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Navigating the financial system is often more difficult for non-U.S. citizens. This is also the case for non-U.S. citizens applying for a personal loan. In this article, we cover what steps non-U.S. citizens can take to increase their chances of getting approved for a personal loan.
- Can You Get a Loan as a Non-U.S. Citizen?
- How to Prepare for the Application Process
- Where to Find Personal Loans
Can You Get a Personal Loan as a Non-U.S. Citizen?
While non-U.S. citizens are eligible for personal loans, they'll need to meet certain requirements that vary from lender to lender. Lenders will be looking to see that you have a green card or valid visa that extends at least three years or the length of the loan. Whether your visa will be renewed is also an aspect that lenders consider. Usually, the following visa types are considered, but it varies by lender:
- G series
As they do for other loan applications, lenders will be looking at your ability to repay your loan, as well as proof of stable employment. A U.S. credit history of two to six years is generally recommended for a personal loan. However, even if you don't have a traditional credit history in the United States, you can provide alternative information—such as payment history on rentals and utilities or credit history from a credit reporting agency in your home country.
Some banks may refuse to approve personal loans for non-U.S. citizens. As with many lending decisions, it comes down to the bank's perceived risk of receiving all payments due on a loan. Non-U.S. citizens may not be able to stay in the country or may decide to leave before the loan is repaid in full, and the bank may not be able to recover the remaining balance owed on the loan.
How to Prepare for the Application Process
If you plan on applying for a personal loan as a non-U.S. citizen, your application will likely be more heavily scrutinized than the application of a U.S. citizen due to the higher risk of lending to non-U.S. citizens. Be prepared to answer the typical questions you may be asked during the application process. Here's what you need before filling out an application.
You need a copy of your green card or visa and an employment authorization form—such as form I-765, form I-766 or form I-797A—and an I-94 form. Having a FICO score and a minimum U.S. credit history of two to six years is ideal, but not always required. Prepare additional information that may help your case as well, sometimes referred to as a credit package. If you have an existing credit history outside of the U.S., gather credit history information from the foreign credit reporting agencies to show your creditworthiness.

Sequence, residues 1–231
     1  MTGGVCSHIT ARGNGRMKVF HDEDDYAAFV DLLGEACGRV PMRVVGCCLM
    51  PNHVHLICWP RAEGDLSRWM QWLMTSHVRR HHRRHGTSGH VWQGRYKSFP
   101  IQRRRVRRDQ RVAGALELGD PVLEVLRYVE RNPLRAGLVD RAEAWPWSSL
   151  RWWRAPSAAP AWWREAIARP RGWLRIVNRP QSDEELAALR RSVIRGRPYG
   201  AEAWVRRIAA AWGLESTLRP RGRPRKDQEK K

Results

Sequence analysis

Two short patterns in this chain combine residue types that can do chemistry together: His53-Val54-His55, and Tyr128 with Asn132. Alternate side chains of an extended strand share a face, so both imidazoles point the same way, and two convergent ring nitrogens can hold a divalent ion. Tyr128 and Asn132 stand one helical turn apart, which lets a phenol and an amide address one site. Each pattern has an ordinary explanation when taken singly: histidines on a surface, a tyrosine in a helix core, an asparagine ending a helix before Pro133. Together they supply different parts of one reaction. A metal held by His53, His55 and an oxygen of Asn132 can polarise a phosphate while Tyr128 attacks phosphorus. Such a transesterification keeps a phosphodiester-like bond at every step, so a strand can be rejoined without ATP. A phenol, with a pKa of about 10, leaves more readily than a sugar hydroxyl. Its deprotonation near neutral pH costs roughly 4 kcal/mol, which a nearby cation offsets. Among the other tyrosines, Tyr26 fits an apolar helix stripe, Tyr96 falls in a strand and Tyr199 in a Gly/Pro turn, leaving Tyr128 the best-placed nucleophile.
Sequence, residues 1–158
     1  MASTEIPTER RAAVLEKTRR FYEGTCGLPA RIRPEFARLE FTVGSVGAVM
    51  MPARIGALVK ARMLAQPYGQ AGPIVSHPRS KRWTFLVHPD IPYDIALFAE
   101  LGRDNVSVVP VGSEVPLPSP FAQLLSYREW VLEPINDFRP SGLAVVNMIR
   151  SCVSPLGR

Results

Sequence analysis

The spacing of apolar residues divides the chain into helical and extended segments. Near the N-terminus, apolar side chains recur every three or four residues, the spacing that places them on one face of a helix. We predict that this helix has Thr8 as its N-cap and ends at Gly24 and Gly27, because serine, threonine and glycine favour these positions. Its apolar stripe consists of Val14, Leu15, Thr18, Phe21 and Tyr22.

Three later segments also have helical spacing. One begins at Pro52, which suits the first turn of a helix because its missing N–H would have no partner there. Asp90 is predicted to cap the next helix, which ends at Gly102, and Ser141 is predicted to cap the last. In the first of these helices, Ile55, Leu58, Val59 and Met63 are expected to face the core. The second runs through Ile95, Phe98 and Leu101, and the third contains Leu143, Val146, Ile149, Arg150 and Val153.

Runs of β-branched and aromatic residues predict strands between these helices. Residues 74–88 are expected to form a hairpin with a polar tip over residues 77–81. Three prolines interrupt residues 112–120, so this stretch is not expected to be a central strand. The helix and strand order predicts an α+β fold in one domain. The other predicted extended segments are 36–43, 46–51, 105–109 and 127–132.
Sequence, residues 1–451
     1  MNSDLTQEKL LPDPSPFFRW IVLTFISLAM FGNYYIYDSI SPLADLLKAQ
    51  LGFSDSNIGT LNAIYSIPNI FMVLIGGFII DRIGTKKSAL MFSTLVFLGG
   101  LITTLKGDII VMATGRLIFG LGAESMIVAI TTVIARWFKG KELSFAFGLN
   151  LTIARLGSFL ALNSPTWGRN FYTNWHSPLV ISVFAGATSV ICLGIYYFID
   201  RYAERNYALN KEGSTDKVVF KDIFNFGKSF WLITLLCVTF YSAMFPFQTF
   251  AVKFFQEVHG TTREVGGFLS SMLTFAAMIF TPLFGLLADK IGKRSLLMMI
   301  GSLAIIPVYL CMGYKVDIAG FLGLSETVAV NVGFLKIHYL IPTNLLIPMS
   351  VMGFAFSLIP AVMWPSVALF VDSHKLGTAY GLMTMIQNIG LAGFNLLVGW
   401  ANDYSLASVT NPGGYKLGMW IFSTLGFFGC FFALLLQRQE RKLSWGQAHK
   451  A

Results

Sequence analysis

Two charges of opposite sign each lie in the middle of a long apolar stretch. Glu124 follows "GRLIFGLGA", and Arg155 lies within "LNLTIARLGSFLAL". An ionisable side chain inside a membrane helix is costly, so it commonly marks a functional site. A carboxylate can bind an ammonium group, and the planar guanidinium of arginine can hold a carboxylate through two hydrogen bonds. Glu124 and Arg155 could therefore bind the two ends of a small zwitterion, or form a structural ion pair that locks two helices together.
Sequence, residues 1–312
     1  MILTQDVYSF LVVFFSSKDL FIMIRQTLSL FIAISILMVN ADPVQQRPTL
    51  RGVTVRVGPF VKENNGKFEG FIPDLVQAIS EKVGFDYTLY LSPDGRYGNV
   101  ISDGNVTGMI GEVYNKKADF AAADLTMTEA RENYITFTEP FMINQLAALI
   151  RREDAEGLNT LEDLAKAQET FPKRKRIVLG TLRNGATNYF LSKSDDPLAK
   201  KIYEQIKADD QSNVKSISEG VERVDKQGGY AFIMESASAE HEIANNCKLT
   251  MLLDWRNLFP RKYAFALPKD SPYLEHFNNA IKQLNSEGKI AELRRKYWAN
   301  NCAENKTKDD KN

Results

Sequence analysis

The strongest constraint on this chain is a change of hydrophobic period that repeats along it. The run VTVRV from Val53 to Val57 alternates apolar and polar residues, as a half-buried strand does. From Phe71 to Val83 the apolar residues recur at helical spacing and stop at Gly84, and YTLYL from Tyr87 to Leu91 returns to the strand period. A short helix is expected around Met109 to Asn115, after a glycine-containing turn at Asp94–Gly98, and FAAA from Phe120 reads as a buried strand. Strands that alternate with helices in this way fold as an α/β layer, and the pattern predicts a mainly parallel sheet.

Pull information for at least three accounts where you've made on-time payments for at least two year—such as rent, utility bills, insurance or tuition payments. Having a cosigner that's a U.S. citizen with good credit will increase your odds of approval.
Make sure you have the information needed to fill out the application which usually includes some or all of the following in addition to the information listed above:
- Identifying information: driver's license or other identification card.
- Proof of address: utility bills, leases or other documentation with your address.
- Income verification: W-2, pay stubs, bank statements or tax returns.
- Personal information: contact information, Social Security Number.
- Loan information: desired loan amount, term and use of funds.
- Employment information: employment status, employer's contact information.
- Education information: highest level of education obtained, area of study, GPA.
Where to Get a Personal Loan as a Non-U.S. Citizen
Below is a list of lenders that offer personal loans to non-U.S. citizens and the situations they’ll consider approving personal loans for:
Permanent U.S. Residents
Residents with Valid Social Security Number
Residents with Eligible Visas
|Earnest||Yes||TN, E, and O visas, or H-1B or F1 visa with 1-7 or 24-month STEM OPT/EAD and your current visa is valid through the life of the loan|
Since non-U.S. citizens have a variety of circumstances surrounding their loan needs and their residency in the United States, lenders may offer different terms based on your particular set of circumstances and the individual lender's view of the risk associated with a personal loan. Make sure you shop around with multiple lenders and compare loan offerings to make sure you're getting the best deal for your situation.